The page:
Transpo routes to change; several buses off the streets drivers out of work

SOUTH BEND, Ind. – Monday afternoon, the Transpo officials voted to accept a plan that eliminated route 2, as well as nine buses and their drivers in an attempt to save money and streamline service.

Chairman of the South Bend Transportation Corporation, John Leszczynskiv, blamed the cuts on reduced revenue from property tax caps and a drop in ridership because of poor service.

Riders had complained that some buses would simply pass them by if they were running late, said Leszczynskiv.

He explained how previously there were no designated bus stops and that people could flag down the passing bus in front of their house if they wanted to.

This practice started to put buses behind schedule when they would have to make several stops on a set of blocks, instead of one or two.

Leszczynskiv also said some of the routes themselves were just too long.

By reorganizing the routes, and creating set pick up and drop off locations, the buses are expected to be back to running on schedule.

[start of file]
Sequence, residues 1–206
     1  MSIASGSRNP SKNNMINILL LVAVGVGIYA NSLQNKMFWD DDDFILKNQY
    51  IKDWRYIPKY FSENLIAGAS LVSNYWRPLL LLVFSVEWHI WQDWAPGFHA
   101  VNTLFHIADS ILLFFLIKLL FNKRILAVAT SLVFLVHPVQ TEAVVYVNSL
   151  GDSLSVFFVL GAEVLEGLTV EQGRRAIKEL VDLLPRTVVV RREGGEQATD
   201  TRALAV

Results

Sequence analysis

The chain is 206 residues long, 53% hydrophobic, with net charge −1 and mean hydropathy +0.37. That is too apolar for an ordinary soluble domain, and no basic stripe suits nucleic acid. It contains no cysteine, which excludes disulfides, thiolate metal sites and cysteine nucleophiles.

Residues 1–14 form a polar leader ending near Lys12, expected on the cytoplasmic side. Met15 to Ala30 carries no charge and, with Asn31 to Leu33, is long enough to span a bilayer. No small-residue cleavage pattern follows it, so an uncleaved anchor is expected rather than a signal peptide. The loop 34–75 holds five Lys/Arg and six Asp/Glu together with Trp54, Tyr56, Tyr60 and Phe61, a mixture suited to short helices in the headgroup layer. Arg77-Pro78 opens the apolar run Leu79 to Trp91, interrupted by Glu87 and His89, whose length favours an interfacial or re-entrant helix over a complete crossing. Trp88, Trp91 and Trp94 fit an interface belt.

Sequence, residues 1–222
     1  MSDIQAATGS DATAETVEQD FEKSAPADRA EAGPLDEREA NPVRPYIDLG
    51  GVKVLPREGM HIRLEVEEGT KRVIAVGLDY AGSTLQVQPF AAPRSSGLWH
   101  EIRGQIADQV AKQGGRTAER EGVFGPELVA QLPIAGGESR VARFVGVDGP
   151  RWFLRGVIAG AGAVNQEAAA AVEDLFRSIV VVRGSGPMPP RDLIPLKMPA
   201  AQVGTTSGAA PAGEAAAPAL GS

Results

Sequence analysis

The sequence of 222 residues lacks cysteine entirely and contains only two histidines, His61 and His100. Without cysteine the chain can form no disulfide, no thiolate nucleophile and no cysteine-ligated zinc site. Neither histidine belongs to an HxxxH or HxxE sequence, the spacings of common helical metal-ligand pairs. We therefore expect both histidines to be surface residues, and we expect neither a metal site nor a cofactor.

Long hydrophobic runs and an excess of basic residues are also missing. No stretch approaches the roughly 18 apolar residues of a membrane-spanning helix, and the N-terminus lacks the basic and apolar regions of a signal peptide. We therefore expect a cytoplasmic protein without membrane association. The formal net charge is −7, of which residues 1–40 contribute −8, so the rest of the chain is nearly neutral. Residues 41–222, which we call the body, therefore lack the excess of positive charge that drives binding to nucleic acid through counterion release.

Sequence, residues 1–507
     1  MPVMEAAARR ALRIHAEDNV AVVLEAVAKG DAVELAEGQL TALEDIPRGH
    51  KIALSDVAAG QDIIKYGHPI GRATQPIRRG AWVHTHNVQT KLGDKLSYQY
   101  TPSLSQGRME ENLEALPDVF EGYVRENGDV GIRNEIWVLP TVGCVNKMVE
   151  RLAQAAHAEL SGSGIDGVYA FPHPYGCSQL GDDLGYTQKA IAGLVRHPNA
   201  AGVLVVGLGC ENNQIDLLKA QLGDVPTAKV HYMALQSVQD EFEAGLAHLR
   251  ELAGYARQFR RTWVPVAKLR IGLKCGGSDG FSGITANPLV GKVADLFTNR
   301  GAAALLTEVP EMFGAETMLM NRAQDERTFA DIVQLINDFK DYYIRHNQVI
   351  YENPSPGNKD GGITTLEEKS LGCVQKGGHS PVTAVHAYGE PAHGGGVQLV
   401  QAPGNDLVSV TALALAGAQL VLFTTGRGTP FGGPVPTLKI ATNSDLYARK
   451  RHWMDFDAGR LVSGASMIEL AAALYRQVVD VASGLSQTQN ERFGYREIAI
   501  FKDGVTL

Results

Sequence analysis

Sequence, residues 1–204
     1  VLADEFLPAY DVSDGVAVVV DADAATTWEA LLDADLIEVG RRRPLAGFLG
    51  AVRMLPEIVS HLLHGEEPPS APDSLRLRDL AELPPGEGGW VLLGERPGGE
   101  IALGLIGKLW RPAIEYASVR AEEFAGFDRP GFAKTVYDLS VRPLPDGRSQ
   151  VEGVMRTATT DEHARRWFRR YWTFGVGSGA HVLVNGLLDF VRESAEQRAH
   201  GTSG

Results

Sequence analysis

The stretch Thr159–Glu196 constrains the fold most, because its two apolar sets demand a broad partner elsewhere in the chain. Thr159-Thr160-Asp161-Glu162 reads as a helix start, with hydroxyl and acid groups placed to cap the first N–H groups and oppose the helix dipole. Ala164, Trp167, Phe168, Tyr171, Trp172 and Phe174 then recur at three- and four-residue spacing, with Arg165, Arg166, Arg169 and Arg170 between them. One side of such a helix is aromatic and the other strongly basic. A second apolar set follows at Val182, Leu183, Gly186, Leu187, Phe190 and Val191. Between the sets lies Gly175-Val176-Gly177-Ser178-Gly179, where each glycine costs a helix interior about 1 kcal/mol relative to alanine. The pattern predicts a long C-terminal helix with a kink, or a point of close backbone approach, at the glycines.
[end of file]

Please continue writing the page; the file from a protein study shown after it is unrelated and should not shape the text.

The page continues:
The bus stop locations are a project Leszczynskiv expects to take a year or so to accomplish.

In the meantime, Route 2 will be eliminated, but other routes will pick up the slack by covering portions of it. Route 4 will cover the lion’s share.

By getting buses back to running on schedule Transpo hopes to recapture the business of riders who have walked away from the public transportation because it was unreliable.  “We’re going to be there so you can walk out of your house and be at the corner the exact time that we told you that the bus was going to be there,” said Leszczynskiv.

Transpo employees will also be riding the buses running on routes that will experience changes, in order to meet with the riders in those areas, answer questions, and assist them with figuring out where to go to be picked up after the changes take effect.

“We’re going to show them the new schedules, this is the time you’ve got to be there,” said Leszczynskiv “You know do a lot of handholding.”

The route reorganization and elimination of nine buses and their drivers is expected to save Transpo more than $1 million annually.

According to Leszczynskiv, Transpo has already taken steps to start curbing costs and increasing efficiency. “We used to have a planner, we don’t have a planner anymore; we’ve cut some of the administrative staff and got them to do double duties; we used to have more supervisors; we used to have more mechanics; all that’s been cut,” said Leszczynskiv.

Riders can expect to start seeing changes to the routes around April 1, according to Leszczynskiv.

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